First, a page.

If, as I think, Pascal’s conception of our condition is right, the crucial question arises: How shall we live and cope? The answer, I think, is that having faced the dark truth about ourselves and the world, we must commit ourselves to self-discipline and self-mastery. It is to these virtues, indeed, that Pascal’s acute existential analysis points.
We must try to direct our necessary diversions. Creatures of habit, who become what we will and do, we must, day after day, devote ourselves as much as possible to things that are constructive and worthwhile. In this way, so far as possible, our inclinations and activities can be good ones.
Whenever—and, alas, only if—fortuna permits, the positive can get the best of the negative. We can live well, and if need be, through hard and honest work over time, bad character can be reformed. I describe a burdensome task, to be sure, but then, all life is a fervent pursuit of value—a noble effort to justify ourselves—that ends only in death.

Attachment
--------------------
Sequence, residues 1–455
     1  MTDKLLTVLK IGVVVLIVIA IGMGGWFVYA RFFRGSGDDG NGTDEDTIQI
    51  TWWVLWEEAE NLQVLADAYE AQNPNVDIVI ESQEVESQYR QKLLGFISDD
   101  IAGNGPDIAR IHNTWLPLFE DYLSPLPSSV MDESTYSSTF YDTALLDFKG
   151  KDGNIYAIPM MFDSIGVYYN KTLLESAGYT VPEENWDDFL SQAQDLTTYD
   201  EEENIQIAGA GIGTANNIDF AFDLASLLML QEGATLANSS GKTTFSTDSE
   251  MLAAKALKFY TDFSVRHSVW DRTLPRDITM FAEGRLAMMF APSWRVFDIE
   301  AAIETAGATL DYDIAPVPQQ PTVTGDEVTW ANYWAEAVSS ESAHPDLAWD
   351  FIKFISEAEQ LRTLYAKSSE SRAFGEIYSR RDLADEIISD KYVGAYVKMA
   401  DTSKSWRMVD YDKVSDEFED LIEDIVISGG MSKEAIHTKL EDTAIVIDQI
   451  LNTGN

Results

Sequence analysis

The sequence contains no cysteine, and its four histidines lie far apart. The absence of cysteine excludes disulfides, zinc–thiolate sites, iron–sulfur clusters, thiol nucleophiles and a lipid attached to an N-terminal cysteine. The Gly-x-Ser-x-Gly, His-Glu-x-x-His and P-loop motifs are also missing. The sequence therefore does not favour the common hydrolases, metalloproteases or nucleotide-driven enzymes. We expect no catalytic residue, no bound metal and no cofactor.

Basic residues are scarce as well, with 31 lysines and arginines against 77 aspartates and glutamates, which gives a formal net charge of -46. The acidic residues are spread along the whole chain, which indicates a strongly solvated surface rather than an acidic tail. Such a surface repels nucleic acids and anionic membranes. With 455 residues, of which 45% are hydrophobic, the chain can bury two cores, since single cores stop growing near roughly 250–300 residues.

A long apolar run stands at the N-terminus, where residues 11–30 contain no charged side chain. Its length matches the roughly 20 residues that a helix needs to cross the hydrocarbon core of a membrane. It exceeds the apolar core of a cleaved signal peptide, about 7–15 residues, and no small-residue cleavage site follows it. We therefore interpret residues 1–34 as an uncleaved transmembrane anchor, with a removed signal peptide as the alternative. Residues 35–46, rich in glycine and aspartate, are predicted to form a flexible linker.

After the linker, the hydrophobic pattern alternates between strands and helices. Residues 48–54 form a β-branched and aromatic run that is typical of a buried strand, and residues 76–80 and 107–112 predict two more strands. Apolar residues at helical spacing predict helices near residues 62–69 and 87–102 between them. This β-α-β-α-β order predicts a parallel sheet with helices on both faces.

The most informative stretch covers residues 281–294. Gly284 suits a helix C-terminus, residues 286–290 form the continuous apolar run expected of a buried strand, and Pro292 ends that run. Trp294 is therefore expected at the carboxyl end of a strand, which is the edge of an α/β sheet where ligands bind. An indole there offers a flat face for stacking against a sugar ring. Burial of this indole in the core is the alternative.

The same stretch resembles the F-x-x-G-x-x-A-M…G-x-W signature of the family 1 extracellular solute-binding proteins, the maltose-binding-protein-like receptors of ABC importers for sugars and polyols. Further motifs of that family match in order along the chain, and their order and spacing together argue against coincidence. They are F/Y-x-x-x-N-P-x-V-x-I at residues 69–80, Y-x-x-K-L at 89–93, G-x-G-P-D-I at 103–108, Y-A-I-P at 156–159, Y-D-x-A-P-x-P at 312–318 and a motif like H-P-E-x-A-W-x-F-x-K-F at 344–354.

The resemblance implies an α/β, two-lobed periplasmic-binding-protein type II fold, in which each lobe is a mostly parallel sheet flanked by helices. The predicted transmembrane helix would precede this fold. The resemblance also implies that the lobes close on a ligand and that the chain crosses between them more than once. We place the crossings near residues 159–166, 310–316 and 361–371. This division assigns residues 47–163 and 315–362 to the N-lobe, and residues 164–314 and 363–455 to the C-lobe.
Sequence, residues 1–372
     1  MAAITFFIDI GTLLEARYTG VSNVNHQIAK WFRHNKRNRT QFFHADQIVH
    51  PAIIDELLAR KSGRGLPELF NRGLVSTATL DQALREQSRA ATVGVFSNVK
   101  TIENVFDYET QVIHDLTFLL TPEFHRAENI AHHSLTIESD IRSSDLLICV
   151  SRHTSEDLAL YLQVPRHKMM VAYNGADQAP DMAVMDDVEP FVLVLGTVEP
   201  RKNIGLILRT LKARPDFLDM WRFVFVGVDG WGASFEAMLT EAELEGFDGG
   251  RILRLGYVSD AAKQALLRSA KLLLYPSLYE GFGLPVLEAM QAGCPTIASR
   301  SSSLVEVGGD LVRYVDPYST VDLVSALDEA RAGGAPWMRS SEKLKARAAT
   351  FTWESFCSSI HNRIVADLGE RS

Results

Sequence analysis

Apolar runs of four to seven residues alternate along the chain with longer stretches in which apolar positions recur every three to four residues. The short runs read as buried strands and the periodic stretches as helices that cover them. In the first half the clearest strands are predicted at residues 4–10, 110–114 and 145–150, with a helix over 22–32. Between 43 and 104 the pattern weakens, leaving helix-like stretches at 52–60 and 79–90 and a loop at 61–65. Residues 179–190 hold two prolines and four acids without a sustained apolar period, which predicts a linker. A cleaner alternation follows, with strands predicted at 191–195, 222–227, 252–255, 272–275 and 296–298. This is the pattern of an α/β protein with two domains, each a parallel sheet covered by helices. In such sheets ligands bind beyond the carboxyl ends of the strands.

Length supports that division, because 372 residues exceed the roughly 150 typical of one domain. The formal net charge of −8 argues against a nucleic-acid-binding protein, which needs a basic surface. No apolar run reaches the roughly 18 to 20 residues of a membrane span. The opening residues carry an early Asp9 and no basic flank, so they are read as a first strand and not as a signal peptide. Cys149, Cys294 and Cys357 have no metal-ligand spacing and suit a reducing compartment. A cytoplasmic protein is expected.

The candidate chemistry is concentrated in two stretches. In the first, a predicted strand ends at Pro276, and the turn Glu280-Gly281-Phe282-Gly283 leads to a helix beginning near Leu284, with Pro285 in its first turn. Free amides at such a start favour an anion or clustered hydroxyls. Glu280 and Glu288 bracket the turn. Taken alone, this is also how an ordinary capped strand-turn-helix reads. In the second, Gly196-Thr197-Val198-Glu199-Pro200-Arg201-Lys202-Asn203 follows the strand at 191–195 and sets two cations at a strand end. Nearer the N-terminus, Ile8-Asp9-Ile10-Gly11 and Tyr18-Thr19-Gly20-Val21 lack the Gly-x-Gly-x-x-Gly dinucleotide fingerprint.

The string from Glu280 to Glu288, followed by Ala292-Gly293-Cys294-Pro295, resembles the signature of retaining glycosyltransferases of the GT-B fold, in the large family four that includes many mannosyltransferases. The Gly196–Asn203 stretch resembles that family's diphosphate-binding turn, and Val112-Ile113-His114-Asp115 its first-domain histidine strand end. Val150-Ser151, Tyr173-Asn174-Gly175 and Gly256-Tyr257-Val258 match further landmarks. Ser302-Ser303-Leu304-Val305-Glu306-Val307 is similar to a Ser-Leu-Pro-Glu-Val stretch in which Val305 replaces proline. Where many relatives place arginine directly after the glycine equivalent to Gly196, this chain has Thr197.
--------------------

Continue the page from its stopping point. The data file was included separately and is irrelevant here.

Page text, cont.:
I myself have tried of late to devote most of my days to reading, to writing, and to exercise. Among the many benefits of these activities is that they are self-reliant. Not requiring other people, they don’t expose us to any of the innumerable evils that can result from having to associate with them. Emerson writes well that:
Society everywhere is in conspiracy against the manhood of everyone of its members. Society is a joint-stock company, in which the members agree, for the better securing of his bread to each shareholder, to surrender the liberty and culture of the eater. The virtue in most request is conformity. Self-reliance is its aversion. It loves not realities and creators, but names and customs.